UOTW #85

68 yo female presents with shortness of breath, dry cough and fevers that has been worsening over the course of 5 days.  Past medical/surgical/social history is negative.  Patient takes no medications, other than occasional acetaminophen for headache.  Pertinent negatives on review of systems include: No unilateral or bilateral leg swelling.  Vital signs are as follows: HR: 112, BP: 101/67, RR: 38, Temp: 101.2°. Physical exam demonstrates bilateral scattered crackles with occasional wheezing on auscultation of the chest.

An ultrasound transducer is placed on the anterior, lateral and posterior lung fields and the following ultrasound images are obtained:



Answer and Pearl: COVID-19 Pneumonia

This scan demonstrates an irregular plural line, scattered b-lines and a few 3-5mm subpleural consolidations. These are findings suggestive of viral pneumonia. This patient was subsequently diagnosed with COVID-19 by PCR testing.

  • Coronavirus disease 2019 (COVID-19) is caused by SARS-CoV-2.  The virus was first described in Wuhan, China in late December 2019, and has subsequently spread to many parts of the world.1
  • The most common symptoms reported are fever, dry cough and shortness of breath.2
  • There is significant overlap between COVID-19 and other viral respiratory syndromes. A careful travel history can be helpful to increase (or decrease) suspicion of COVID-19.
  • Diagnosis of COVID‐19 can be obtained via RT-polymerase chain reaction (PCR) detection from respiratory specimens. 3 However, total positive rate of PCR for throat swab samples was reported to be as low as 30% to 60% at initial presentation 4. Additionally, the turn-around time for the test has been reported to be between 1-7 days1
  • CT scans of the thorax have been suggested as a potential screening tool since the findings on CT may appear before a PCR results and has a faster turn-around time 1 Unfortunately, there is a high economic burden on performing screening CT scans in suspected viral pneumonia.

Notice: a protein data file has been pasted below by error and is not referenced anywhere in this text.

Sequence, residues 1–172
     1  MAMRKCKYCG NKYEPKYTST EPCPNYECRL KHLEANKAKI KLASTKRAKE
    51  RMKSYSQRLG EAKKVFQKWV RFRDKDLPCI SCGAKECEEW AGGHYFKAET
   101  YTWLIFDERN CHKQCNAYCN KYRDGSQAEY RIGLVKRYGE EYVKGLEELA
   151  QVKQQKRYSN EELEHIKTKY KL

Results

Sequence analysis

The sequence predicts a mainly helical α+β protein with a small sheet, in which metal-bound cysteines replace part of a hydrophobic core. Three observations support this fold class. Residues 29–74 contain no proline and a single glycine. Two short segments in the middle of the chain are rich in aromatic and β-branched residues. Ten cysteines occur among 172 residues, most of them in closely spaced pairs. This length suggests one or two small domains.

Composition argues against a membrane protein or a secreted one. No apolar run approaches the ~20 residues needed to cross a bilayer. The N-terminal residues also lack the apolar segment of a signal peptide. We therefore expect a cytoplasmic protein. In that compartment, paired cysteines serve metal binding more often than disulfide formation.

• CT findings associated with COVID-19 include ground-glass opacities, consolidation, reticulation/thickened interlobular septa and nodules.5
  • Ultrasound has been proposed as an alternative diagnostic tool for COVID-19. While more data is needed, preliminary reports demonstrate the following sonographic characteristic findings of COVID-19: 6,7
    • Thickening/irregularities of the pleural line
    • B-lines (focal, multi-focal and/or confluent)
    • Consolidations of varying patterns
  • These findings are consistent with previous reports of viral pneumonias.8,9,10

Peer reviewed by Ben Smith, MD


  1. Rezaie, S., 2020. COVID-19: The Novel Coronavirus 2019 – REBEL EM – Emergency Medicine Blog. [online] REBEL EM – Emergency Medicine Blog. Available at: <https://rebelem.com/covid-19-the-novel-coronavirus-2019/> [Accessed 13 March 2020].
  2. Zhu N, Zhang D, Wang W. A Novel Coronavirus from Patients with Pneumonia in China, 2019. The New England journal of medicine. 2020; 382(8):727-733. [PMID: 31978945]
  3. CDC. “FAQs on COVID-19 Testing at Laboratories.” Centers for Disease Control and Prevention, Centers for Disease Control and Prevention, 10 Mar. 2020, www.cdc.gov/coronavirus/2019-ncov/lab/testing-laboratories.html.
  4. Fang Y, Zhang H, Xie J. Sensitivity of Chest CT for COVID-19: Comparison to RT-PCR. Radiology. 2020; [PMID: 32073353]
  5. Ai T, Yang Z, Hou H. Correlation of Chest CT and RT-PCR Testing in Coronavirus Disease 2019 (COVID-19) in China: A Report of 1014 Cases. Radiology. 2020; [PMID: 32101510]
  6. Peng, Q., Wang, X. & Zhang, L. Findings of lung ultrasonography of novel corona virus pneumonia during the 2019–2020 epidemic.Intensive Care Med (2020). https://doi.org/10.1007/s00134-020-05996-6
  7. Huang, Yi and Wang, Sihan and Liu, Yue and Zhang, Yaohui and Zheng, Chuyun and Zheng, Yu and Zhang, Chaoyang and Min, Weili and Zhou, Huihui and Yu, Ming and Hu, Mingjun, A Preliminary Study on the Ultrasonic Manifestations of Peripulmonary Lesions of Non-Critical Novel Coronavirus Pneumonia (COVID-19) (February 26, 2020). Available at SSRN: https://ssrn.com/abstract=3544750 or http://dx.doi.org/10.2139/ssrn.3544750
  8. Berce V, Tomazin M, Gorenjak M, Berce T, Lovrenčič B. The Usefulness of Lung Ultrasound for the Aetiological Diagnosis of Community-Acquired Pneumonia in Children. Scientific reports. 2019; 9(1):17957. [PMID: 31784642]
  9. Yousef N, De Luca D. The Role of Lung Ultrasound in Viral Lower Respiratory Tract Infections. American journal of perinatology. 2018; 35(6):527-529. [PMID: 29694988]
  10. Rossetti E, Bianchi R, Di Nardo M, Picardo S. Lung ultrasound assessment of influenza A(H1N1)-associated ARDS in a child with acute lymphoblastic leukemia outbreak undergoing extracorporeal membrane oxygenation. Paediatric anaesthesia. 2015; 25(12):1301-2. [PMID: 26507922]